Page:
Six reasons not to intervene in Libya


By: Daniel Hannan*

1. The rebels don’t want us to (see picture).

2. Gaddafi does want us to: it would justify his shtick about defending Libya against foreign invaders.

3. If Libya, why not Zimbabwe? Or China? Lefties point out – and they are surely on to something – that a selective intervention against Gaddafi would be contrasted across the Arab world with the West’s support for the Iraqi and Bahraini regimes in shooting demonstrators. Why pursue a policy which would cost blood and treasure and make us unpopular?

4. We can’t afford it. Europe lost its global military capacity long ago, Britain is in the middle of cutting back the Royal Navy and scrapping large chunks of the RAF. The Americans still have the capability, but have thrown away a trillion dollars on the bailouts and another trillion on the Iraq invasion. As the man said, a trillion here, a trillion there, and pretty soon you’re talking real money.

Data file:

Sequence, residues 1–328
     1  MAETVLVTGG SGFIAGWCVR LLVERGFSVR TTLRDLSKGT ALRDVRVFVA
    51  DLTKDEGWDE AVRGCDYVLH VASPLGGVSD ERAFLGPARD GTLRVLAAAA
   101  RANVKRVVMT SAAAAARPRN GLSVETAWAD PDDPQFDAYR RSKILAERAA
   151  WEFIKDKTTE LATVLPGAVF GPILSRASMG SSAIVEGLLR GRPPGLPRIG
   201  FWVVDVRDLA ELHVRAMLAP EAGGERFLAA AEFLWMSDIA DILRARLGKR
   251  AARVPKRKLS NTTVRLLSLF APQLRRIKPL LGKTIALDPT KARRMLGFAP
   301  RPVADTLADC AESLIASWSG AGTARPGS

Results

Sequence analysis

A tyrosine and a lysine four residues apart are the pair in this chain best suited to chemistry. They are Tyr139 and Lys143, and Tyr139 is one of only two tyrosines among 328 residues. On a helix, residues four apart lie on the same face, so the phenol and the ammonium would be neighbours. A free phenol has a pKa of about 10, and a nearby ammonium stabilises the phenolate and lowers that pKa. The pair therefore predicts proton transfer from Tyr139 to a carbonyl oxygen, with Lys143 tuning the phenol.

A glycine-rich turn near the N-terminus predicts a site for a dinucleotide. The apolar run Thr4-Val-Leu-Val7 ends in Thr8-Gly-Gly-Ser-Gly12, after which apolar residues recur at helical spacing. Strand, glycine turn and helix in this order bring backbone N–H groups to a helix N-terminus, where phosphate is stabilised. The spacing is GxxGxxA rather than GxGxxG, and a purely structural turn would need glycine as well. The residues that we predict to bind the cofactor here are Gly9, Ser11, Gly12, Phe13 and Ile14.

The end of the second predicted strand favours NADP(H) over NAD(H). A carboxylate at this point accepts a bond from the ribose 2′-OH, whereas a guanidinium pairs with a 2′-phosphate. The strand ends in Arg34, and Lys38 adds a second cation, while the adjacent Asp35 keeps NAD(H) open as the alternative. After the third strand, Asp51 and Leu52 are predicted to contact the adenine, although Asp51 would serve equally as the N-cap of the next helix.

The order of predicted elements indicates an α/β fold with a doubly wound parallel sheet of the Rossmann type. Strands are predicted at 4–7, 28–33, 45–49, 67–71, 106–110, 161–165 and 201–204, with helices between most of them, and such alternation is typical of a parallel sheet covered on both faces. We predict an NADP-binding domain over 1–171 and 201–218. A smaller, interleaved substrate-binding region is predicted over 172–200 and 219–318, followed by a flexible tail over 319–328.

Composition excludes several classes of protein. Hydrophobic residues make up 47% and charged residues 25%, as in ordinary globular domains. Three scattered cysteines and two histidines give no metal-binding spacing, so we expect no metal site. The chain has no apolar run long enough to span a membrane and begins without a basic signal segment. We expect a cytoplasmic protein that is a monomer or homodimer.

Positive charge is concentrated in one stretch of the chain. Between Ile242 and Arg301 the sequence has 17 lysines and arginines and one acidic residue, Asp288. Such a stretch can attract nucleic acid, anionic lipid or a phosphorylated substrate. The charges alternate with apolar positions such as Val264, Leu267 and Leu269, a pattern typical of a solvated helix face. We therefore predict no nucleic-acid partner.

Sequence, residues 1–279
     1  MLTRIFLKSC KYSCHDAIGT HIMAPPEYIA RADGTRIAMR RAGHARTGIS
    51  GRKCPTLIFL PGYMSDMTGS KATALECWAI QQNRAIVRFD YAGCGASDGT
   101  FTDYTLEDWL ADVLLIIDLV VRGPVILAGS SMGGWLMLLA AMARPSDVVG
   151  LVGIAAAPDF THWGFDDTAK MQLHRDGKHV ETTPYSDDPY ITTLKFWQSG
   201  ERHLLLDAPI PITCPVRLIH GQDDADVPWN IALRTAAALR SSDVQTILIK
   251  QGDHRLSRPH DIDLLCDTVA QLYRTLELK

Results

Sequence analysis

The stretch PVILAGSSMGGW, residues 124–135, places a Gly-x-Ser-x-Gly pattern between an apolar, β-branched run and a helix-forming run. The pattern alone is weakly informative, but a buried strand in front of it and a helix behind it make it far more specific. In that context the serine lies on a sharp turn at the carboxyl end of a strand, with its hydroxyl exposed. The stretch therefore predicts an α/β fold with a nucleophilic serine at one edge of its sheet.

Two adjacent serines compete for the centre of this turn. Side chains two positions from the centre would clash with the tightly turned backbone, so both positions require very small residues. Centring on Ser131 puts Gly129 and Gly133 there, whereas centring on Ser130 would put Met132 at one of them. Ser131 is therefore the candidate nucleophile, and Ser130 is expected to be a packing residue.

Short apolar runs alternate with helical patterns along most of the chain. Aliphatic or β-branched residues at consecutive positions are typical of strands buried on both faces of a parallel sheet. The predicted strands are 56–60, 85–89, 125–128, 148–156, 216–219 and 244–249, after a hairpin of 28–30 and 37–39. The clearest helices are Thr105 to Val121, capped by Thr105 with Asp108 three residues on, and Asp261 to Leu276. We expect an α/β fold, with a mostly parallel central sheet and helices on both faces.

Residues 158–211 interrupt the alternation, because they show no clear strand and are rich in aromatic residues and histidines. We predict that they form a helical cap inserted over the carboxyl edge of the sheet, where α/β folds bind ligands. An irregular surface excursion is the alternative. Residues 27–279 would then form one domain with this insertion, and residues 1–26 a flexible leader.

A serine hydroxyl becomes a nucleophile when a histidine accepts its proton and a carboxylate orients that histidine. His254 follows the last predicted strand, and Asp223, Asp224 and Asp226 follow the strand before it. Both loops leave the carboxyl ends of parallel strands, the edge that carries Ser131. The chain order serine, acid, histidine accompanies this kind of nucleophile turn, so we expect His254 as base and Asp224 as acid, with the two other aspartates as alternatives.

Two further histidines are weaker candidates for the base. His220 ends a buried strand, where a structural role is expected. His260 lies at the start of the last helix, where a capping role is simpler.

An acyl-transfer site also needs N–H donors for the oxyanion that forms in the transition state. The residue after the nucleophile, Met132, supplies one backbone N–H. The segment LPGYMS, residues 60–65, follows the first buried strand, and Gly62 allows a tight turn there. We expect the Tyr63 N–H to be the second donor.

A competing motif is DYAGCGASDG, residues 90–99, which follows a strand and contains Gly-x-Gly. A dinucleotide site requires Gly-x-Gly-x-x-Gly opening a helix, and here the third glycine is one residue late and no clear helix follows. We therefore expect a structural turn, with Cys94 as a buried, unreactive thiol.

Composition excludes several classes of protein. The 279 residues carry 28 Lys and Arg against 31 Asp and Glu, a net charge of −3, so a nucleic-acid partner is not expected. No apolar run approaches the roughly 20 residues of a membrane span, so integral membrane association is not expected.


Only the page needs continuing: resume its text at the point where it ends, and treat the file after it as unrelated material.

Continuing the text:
5. There is no obvious British interest here. Libya is not a former colony or protectorate, and has no special links with the United Kingdom. Why make their problems our problems?

6. The strongest basis for friendship with the Arab nations is to allow the emergence of genuinely representative regimes – regimes which visibly succeeded on their own, as this Libyan blogger persuasively argues.

Incidentally, allowing Libyans to succeed on their own means allowing them to try their former leaders according to their own norms. We should drop the idea of hauling Gaddafi before the ICC – a court which symbolises almost everything that is wrong with the current global order (see here).

*Daniel Hannan is a writer and journalist, and has been Conservative MEP for South East England since 1999. He speaks French and Spanish and loves Europe, but believes that the European Union is making its constituent nations poorer, less democratic and less free.




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